Over a decade ago, Li Chen arrived in the United States through Miami, Florida, without inspection. In November 2009, he applied for asylum, withholding of removal, and relief under the Convention Against Torture. In his application, Chen claimed that he "was persecuted by the Chinese government because [he] practiced Falun Gong in China," was "arrested, detained, interrogated, and tortured by the Chinese police," and was "afraid of being persecuted


by the Chinese government again." Cert. Admin. R. 559. In January 2010, the Department of Homeland Security initiated removal proceedings against Chen as an "alien present in the United States without being admitted or paroled, or who [has] arrive[d] in the United States at any time or place other than as designated by the Attorney General." 8 U.S.C. § 1182(a)(6)(A)(i).

In December 2011, an IJ sustained the charge of removability and found that Chen failed to establish his eligibility for the relief he sought. Specifically, the IJ found that Chen did not demonstrate by clear and convincing evidence that he had filed his asylum application within a year of arriving in the United States and that Chen was not credible based on inconsistencies between his testimony at the hearing and his application. Chen appealed to the BIA, and in July 2013 the BIA remanded to the IJ for further proceedings. The BIA agreed that Chen failed to demonstrate eligibility for asylum, but it held that the IJ committed clear error in finding that Chen was not credible.

On remand, in March 2014, the IJ denied Chen's application. Chen never appealed this decision, and therefore there is no hearing transcript.[1] In the reopening proceedings at issue in this case, the IJ summarized the remand hearing and decision. According to the IJ, Chen admitted to false testimony in his hearing on remand. Ultimately, the IJ concluded that Chen, "by presenting new documents and testimony after the remand, had undermined the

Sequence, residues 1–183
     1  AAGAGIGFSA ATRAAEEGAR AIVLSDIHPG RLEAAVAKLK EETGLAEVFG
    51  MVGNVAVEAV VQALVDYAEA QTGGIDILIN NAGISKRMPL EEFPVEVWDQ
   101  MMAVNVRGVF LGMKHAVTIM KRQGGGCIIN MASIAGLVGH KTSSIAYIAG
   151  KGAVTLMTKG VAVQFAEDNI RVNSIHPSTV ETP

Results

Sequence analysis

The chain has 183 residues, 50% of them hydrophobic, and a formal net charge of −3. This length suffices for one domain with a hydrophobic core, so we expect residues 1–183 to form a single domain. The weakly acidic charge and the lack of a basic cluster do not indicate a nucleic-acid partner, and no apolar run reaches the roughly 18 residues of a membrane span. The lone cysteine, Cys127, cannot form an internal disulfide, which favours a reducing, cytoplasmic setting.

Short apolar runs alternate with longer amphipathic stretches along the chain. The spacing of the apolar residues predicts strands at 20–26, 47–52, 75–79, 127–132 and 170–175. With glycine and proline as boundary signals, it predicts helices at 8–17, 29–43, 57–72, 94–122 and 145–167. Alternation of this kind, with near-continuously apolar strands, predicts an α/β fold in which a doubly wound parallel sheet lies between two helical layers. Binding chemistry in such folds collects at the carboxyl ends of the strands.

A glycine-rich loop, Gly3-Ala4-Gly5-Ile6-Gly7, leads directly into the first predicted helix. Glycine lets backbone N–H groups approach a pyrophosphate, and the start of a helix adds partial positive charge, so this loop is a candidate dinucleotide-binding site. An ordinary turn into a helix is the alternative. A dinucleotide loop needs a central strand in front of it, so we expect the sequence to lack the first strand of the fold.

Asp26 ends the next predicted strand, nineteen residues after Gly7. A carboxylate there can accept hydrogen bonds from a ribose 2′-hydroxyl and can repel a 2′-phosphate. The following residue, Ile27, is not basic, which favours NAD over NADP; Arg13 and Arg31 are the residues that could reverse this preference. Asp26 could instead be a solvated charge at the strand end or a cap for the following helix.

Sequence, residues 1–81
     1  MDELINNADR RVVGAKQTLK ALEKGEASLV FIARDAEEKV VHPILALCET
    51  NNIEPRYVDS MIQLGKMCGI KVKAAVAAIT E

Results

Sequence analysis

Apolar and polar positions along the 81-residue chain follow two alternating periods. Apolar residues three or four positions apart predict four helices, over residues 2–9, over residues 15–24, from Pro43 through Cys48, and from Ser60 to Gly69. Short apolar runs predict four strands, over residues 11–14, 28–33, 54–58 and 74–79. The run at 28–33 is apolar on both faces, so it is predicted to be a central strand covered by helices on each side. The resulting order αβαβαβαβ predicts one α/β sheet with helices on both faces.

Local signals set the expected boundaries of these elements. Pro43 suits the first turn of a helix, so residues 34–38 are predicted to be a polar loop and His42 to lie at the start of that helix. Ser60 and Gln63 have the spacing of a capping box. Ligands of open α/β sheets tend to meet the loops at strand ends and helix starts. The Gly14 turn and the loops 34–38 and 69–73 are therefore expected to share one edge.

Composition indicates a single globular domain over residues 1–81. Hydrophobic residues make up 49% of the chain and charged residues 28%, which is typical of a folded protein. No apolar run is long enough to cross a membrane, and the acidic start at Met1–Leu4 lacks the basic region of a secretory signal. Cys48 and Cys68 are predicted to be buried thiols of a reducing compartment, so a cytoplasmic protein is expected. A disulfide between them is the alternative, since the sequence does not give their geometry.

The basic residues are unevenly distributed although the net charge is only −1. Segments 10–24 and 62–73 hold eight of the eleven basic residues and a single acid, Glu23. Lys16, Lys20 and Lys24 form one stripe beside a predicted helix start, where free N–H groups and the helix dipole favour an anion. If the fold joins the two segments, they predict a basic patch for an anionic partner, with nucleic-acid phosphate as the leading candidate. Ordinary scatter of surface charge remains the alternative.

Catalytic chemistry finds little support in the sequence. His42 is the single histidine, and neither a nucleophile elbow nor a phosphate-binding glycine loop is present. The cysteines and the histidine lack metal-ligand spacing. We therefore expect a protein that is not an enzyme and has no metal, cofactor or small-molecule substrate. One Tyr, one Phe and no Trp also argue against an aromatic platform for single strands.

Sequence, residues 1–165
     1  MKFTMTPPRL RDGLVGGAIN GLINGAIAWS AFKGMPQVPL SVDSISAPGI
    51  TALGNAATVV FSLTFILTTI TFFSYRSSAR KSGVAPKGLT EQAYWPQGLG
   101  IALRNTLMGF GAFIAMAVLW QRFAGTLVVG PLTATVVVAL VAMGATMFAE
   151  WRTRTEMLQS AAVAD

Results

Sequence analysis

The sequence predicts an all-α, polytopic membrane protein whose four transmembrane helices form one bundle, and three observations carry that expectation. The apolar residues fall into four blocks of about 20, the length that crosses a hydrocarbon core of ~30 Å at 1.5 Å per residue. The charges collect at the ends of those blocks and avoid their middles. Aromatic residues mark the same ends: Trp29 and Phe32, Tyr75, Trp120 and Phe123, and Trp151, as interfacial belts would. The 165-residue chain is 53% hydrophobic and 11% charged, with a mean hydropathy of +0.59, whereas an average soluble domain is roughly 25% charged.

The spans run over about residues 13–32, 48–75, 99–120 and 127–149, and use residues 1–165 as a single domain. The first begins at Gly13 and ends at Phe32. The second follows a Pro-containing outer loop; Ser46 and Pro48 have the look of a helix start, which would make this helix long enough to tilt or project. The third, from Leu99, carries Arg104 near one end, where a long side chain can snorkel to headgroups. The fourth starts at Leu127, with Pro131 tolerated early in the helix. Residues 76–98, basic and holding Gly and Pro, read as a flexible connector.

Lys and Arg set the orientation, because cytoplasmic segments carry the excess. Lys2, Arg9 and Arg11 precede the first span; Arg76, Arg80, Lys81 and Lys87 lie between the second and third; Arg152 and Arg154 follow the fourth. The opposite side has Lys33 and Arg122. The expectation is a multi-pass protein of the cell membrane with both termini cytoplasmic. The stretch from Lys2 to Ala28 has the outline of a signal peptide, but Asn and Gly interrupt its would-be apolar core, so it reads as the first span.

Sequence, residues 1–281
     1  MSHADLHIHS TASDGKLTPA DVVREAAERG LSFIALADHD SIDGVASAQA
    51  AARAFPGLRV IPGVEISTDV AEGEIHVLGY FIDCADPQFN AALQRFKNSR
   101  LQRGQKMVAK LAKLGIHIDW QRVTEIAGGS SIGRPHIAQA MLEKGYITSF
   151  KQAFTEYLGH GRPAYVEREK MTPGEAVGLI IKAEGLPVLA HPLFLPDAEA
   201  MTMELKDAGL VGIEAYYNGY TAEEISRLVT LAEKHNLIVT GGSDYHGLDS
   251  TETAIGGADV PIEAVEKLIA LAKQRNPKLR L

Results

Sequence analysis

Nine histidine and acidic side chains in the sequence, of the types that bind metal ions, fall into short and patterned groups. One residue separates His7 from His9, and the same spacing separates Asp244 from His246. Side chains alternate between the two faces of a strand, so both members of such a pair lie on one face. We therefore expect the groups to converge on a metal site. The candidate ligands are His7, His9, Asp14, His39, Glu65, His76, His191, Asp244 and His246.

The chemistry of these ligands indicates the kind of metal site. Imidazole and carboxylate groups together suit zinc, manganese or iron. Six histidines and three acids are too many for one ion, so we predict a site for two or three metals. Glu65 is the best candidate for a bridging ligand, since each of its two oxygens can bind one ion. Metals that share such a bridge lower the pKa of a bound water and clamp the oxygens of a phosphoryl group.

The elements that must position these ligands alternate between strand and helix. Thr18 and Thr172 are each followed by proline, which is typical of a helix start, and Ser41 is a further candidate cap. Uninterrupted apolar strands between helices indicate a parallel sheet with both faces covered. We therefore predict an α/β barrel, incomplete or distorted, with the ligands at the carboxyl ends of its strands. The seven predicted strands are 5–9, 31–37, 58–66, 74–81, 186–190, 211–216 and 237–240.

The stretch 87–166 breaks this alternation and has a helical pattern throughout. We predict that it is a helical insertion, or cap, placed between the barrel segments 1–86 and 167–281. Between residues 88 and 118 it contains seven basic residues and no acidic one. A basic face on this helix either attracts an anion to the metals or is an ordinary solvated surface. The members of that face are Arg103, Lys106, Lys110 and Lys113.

Board's prior conclusion that he should be considered credible." Cert. Admin. R. 69. Accordingly, the IJ ordered Chen removed to China.

At some point during his time in the United States, Chen married Yan Lin Huang, also an alien. On January 5, 2015, Huang was granted asylum, and days later she filed a Form I-730 Refugee Asylee Relative Petition. On May 3, 2016, that motion was granted. Years after Chen's application was denied, he had become a derivative asylee. See 8 U.S.C. § 1158(b)(3)(A) ("A spouse ... of an alien who is granted asylum under [§ 1158(b)] may, if not otherwise eligible for asylum under this section, be granted the same status as the alien if accompanying ... such alien.").

On June 6, 2016, Chen moved the Immigration Court "for an order to reopen and terminate his removal proceedings on the ground that [he] was granted asylee status on May 3, 2016." Cert. Admin. R. 75. In his affidavit, Chen gave his reasons for wanting his removal proceedings terminated. According to Chen, "if I meet the police or immigration officers I still might be taken by them because I was ordered removed." Id. at 80. Additionally, Chen...